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POP MUSIC REVIEW : Canada's Musical Muscle Revealed in Arden, Sexsmith

June 15, 1995|STEVE HOCHMAN

O Canada.

The nation to the north--which in the past gave us Joni Mitchell, Leonard Cohen and Neil Young--has recently been spitting out singer-songwriter talent again. Two of the newer ones, Jann Arden and Ron Sexsmith, performed at the Troubadour on Tuesday and didn't let the musical Maple Leaf sag.

Of the two, cherubic mop-top Sexsmith--performing both solo and with a sharp, two-piece rhythm section--offered the far more arresting set. His voice is a sort of cross between Jackson Browne fragility and Johnny Ace sweetness, and his melodies and lyrics mix the keen eye of '70s singer-songwriters with the doleful soaring of '50s soul balladeers. The latter aspect was all the more startling for its contrast with his boyish looks and easygoing humor.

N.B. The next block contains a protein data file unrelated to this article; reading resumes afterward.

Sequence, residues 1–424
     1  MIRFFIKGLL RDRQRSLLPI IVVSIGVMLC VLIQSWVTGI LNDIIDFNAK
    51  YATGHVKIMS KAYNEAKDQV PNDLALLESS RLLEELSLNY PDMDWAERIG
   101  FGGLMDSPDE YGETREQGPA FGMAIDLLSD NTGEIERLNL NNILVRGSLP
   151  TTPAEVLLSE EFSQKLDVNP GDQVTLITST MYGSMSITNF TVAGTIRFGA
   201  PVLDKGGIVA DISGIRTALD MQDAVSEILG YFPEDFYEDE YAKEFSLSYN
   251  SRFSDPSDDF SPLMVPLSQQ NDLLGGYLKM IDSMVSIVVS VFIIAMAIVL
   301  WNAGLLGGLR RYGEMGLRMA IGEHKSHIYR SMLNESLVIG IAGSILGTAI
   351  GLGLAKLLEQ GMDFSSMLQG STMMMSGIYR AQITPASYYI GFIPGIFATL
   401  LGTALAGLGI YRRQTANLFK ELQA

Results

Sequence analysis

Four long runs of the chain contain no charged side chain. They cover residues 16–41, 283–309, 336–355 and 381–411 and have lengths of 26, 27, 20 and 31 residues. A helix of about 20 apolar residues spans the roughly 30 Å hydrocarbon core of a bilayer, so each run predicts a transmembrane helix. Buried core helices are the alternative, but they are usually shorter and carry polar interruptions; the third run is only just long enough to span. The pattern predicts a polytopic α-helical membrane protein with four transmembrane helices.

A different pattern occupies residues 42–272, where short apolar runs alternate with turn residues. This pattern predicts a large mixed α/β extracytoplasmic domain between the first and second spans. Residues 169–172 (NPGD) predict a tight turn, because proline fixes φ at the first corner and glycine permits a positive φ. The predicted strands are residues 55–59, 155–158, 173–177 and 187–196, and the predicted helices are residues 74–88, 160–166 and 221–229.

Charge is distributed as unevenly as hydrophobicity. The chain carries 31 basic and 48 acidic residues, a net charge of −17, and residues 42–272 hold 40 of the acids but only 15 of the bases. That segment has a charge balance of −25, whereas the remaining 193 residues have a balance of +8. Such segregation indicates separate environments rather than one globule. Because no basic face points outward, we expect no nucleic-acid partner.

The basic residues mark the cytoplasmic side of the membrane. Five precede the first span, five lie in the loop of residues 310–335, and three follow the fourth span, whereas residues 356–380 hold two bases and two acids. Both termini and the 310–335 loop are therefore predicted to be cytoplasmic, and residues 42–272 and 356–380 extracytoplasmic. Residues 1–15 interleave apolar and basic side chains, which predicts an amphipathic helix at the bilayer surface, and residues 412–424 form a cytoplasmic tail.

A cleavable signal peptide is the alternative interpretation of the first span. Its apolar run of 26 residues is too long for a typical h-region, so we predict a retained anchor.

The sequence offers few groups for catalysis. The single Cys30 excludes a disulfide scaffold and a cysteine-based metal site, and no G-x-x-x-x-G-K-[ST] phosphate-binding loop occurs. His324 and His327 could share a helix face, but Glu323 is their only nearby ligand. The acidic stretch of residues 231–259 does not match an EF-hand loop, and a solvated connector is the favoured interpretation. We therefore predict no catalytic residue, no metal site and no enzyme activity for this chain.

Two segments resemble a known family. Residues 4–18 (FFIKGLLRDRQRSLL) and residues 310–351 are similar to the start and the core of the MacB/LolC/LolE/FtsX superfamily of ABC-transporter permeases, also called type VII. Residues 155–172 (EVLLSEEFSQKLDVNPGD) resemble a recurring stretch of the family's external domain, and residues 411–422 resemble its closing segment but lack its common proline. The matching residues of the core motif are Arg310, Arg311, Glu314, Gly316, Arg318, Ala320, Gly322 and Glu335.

In her headlining appearance, Arden was also notable for her voice, a supple and rich instrument. But she favors cliched romantic/spiritual imagery in her songs, which were smothered Tuesday in too-slick arrangements from her studio-perfect five-piece band.

Occasionally she projected a bit of mystery, especially in the hypnotic, personal title track from her recent album, "Living Under June." But none of her own songs came close to matching the irresistible encore: Lulu's great '60s hit "To Sir With Love," an anthem of teen innocence that carries a lot more power than Arden's mature, adult ruminations.

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